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Space Mystery Solved

Scientists studying satellite data have solved a small mystery. Staff at Landcare Research in Wellington were curious about bright spots appearing on images of Marlborough obtained from an experimental Japanese radar satellite. From 600 kilometres above the Earth its sensors were picking up something unusual.

A check of maps and visual satellite images of the same area, followed by a field trip, showed the bright spots were coming from the region's vineyards. Dr Stephen McNeill says wires supporting the vines were giving the strange results.

"We found most of the lines of grapes were planted north-south, parallel to the flight path of the satellite. The direction and spacing of the wires meant that these were picked up by the radar."

Staff first noticed the bright features on images from the Russian radar satellite Almaz, but the poor quality of the image meant that they were unsure of their significance. Members of the remote sensing team have been testing the images from the new JERS satellite and comparing them with visual images and what is on the ground. This radar satellite gives a better indication of the texture and wetness of the terrain, says McNeill.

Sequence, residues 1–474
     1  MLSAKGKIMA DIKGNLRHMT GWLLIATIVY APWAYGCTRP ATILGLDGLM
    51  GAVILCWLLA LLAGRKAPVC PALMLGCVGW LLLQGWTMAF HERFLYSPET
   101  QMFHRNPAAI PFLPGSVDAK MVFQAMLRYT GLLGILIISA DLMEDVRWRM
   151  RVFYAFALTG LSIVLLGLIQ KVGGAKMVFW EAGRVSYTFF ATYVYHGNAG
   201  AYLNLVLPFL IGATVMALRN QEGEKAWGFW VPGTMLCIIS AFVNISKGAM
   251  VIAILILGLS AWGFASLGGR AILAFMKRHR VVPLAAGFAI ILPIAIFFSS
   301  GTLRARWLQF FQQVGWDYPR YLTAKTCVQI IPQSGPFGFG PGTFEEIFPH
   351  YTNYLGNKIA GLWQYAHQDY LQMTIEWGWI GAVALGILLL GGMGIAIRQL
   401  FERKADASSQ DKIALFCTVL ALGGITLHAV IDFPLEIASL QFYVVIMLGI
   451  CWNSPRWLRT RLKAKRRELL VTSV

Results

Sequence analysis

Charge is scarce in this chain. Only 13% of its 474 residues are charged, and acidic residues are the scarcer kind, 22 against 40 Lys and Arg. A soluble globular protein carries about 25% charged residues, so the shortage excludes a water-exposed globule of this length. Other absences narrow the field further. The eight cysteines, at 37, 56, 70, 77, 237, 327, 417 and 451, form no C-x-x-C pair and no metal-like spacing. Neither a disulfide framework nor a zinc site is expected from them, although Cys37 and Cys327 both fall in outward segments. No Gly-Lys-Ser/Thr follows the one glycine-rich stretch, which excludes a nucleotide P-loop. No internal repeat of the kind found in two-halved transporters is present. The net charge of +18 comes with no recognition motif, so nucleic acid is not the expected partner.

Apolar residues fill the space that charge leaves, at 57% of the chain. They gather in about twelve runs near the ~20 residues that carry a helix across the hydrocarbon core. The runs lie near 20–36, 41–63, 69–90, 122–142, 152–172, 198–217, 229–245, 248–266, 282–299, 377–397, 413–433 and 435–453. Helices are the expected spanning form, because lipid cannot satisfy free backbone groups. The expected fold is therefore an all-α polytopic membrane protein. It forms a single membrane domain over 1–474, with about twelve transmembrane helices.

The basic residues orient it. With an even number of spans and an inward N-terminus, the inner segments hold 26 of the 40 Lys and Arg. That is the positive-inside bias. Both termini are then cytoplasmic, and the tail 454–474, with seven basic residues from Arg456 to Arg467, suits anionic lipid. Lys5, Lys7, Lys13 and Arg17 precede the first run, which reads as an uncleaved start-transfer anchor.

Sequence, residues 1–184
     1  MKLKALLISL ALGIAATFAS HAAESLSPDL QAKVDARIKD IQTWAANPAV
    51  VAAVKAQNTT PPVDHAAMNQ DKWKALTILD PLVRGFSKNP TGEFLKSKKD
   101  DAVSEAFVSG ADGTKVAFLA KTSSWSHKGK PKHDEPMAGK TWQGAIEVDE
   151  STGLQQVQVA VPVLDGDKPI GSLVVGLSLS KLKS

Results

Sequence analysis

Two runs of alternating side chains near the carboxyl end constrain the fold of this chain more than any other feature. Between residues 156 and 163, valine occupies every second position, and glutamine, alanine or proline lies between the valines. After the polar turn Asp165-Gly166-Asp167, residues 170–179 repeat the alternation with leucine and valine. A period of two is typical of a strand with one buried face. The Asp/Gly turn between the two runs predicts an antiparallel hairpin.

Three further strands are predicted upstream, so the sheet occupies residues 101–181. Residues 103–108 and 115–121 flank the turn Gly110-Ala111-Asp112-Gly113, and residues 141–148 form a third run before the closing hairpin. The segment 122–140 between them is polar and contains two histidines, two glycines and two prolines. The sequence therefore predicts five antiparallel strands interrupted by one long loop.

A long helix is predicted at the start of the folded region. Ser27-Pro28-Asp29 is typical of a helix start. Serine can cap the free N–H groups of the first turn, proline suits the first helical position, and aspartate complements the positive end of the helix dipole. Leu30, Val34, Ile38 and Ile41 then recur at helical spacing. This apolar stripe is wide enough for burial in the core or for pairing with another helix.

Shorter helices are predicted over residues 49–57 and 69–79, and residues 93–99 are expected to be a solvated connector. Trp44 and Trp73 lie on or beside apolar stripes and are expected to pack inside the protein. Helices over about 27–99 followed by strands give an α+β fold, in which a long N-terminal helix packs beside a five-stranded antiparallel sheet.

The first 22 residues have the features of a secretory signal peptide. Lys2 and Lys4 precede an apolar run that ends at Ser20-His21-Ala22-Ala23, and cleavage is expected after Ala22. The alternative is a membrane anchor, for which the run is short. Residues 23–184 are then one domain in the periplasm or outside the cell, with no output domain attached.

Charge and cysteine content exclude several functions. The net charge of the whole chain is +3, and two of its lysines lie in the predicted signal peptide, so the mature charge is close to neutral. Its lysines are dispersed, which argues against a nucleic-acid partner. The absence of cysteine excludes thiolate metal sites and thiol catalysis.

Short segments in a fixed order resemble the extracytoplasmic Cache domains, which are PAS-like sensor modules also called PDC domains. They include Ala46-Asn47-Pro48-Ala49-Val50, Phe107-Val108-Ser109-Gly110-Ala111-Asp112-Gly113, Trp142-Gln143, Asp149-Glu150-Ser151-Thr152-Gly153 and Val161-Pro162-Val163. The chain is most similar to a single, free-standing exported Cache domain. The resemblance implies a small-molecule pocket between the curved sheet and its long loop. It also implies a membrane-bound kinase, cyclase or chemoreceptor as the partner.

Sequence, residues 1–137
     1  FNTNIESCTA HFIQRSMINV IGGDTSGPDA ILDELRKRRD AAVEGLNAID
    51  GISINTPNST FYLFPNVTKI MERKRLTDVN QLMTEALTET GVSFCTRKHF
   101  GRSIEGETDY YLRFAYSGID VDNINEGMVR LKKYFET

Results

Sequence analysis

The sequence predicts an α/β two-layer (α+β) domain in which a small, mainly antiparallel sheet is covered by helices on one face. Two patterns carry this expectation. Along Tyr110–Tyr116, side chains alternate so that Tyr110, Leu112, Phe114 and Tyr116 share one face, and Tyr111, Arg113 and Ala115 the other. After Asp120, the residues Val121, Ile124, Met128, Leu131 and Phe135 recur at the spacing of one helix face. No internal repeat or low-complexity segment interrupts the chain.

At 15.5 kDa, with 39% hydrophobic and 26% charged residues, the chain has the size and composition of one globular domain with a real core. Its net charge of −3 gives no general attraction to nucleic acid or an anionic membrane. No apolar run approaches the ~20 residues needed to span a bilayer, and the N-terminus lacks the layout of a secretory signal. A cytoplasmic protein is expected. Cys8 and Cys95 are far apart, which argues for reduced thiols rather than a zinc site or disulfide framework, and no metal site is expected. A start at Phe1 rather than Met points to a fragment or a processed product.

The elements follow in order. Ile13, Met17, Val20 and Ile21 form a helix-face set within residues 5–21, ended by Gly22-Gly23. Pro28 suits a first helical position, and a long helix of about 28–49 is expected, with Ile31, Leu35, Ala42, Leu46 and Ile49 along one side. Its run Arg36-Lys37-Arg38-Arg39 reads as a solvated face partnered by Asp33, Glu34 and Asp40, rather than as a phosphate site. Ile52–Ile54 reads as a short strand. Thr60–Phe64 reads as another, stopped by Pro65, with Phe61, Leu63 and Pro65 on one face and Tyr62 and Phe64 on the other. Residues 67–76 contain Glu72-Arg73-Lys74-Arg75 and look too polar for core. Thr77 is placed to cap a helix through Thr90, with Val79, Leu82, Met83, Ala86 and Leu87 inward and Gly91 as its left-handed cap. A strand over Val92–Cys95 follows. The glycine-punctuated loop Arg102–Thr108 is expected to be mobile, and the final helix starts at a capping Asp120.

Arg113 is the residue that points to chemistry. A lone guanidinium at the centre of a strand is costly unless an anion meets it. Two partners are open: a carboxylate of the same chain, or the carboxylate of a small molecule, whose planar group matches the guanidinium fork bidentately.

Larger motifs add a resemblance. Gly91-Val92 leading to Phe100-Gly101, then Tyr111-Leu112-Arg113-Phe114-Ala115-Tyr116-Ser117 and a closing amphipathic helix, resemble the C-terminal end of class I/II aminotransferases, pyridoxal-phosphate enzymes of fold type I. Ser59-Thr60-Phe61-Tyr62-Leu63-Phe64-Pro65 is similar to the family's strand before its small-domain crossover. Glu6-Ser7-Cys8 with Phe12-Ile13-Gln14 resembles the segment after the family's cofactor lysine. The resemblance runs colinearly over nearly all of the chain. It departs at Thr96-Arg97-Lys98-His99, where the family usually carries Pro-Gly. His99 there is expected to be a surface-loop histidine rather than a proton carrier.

"We are getting a different kind of data from the radar satellite because it is able to see through the vegetation and clouds to give us an idea of the roughness of the land. Most other satellites provide optical images."

McNeill says the image was taken in mid-winter when there was little foliage present.

"We can't tell a cabernet from a riesling from space, only whether the planter of the vineyard was preoccupied with north, south, east or west."

He believes scientists now have a better understanding of how human artifacts, such as roads, rail lines, windbreaks and power lines, affect radar imagery.

"Radar imagery has been largely experimental in the past, but we are seeing the beginnings of satellites that will give us regular data for environmental monitoring, with the advantage of viewing the Earth at night and through clouds."